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Third King of the Underworld (Songjae)
Third King of the Underworld (Songjae) , 18th century
Korean
Ink and color on silk
60 × 43 1/4 inches (152.4 × 109.9 cm) Mount: 6 feet 3 9/16 inches × 50 1/4 inches (191.9 × 127.6 cm)
Gift of Mrs. W. James Anderson, Mrs. Samuel Bell, Jr., Mrs. Richard Drayton, and Charles T. Ludington, Jr., in memory of their parents, Mr. and Mrs. Charles Townsend Ludington, 1970
1970-259-3
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About This Painting

The awe-inspiring figure at the center of this painting is Songje, the third of the ten Buddhist Kings of the Underworld, who sits in judgment of the deceased. He writes his decision on the scroll held by an assistant who is quite different from the one depicted in the sculpture Boy Attendant. At the bottom of the painting, below a line of clouds, are scenes of punishments: one man is imprisoned in a stockade, another is about to be impaled by a demon wielding a halberd, while two figures at the right seem to be trapped in a pit of nails. The vivid liveliness of this portion of the image stands in contrast to the stately dignity of the King of the Underworld, surrounded by his attendants. Such paintings on silk were usually made in sets of ten, one for each of the kings, and were often displayed in the building in Korean temple complexes known as the Hall of the Underworld Courts. The names of the donors and priests of the temple for which this work was made appear in the box at the bottom. Such intimidating representations of the Ten Kings would have been displayed in temples to remind a Buddhist devotee of the horrors of hell and the merciless punishment of sinners. The contradictory expression of the boy attendant perhaps reflects hope and promise for a new life in the hereafter, an important tenet of Korean Buddhist belief.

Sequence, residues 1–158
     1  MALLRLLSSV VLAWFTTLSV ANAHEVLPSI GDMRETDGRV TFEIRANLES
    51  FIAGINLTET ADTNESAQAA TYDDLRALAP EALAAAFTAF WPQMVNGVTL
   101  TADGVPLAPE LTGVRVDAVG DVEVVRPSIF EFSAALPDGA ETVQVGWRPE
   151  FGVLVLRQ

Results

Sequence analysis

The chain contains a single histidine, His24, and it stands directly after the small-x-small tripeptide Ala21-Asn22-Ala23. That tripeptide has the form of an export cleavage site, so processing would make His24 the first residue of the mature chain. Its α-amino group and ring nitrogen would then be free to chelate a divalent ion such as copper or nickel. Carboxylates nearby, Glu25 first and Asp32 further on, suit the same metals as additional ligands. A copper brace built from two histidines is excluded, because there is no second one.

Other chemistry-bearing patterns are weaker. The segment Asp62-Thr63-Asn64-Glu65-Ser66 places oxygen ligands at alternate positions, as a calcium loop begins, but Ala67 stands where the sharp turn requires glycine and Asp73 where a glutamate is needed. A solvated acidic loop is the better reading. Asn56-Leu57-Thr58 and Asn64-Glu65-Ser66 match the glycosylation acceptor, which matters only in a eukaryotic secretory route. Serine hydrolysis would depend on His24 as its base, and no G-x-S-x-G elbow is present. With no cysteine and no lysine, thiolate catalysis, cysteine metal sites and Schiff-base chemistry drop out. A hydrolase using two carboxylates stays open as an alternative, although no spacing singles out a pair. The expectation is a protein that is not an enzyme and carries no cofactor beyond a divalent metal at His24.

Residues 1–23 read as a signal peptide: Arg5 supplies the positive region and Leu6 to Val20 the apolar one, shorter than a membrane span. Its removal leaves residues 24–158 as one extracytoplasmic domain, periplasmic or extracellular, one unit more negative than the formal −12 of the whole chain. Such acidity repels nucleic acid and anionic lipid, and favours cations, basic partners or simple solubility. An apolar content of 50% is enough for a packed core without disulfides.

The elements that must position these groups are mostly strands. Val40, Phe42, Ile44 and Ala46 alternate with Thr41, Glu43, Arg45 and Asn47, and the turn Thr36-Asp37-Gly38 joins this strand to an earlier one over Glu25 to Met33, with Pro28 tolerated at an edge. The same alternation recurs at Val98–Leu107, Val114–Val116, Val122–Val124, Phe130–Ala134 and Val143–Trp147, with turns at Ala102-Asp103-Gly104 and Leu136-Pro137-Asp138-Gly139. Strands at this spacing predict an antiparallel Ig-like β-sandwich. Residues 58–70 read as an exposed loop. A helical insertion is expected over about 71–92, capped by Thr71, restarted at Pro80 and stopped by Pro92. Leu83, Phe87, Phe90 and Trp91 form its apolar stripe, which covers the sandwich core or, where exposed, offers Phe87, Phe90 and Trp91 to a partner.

This object is included in Learning from Asian Art: Korea, a teaching kit developed by the Division of Education and made possible by a grant from the Freeman Foundation of New York and Stowe, Vermont.
 

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